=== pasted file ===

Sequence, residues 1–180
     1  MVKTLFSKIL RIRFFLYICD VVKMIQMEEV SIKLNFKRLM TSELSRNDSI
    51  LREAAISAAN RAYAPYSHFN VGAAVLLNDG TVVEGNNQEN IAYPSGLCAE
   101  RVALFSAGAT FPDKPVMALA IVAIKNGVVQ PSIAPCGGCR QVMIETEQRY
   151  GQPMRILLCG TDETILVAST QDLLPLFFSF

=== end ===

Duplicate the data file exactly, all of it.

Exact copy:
Sequence, residues 1–180
     1  MVKTLFSKIL RIRFFLYICD VVKMIQMEEV SIKLNFKRLM TSELSRNDSI
    51  LREAAISAAN RAYAPYSHFN VGAAVLLNDG TVVEGNNQEN IAYPSGLCAE
   101  RVALFSAGAT FPDKPVMALA IVAIKNGVVQ PSIAPCGGCR QVMIETEQRY
   151  GQPMRILLCG TDETILVAST QDLLPLFFSF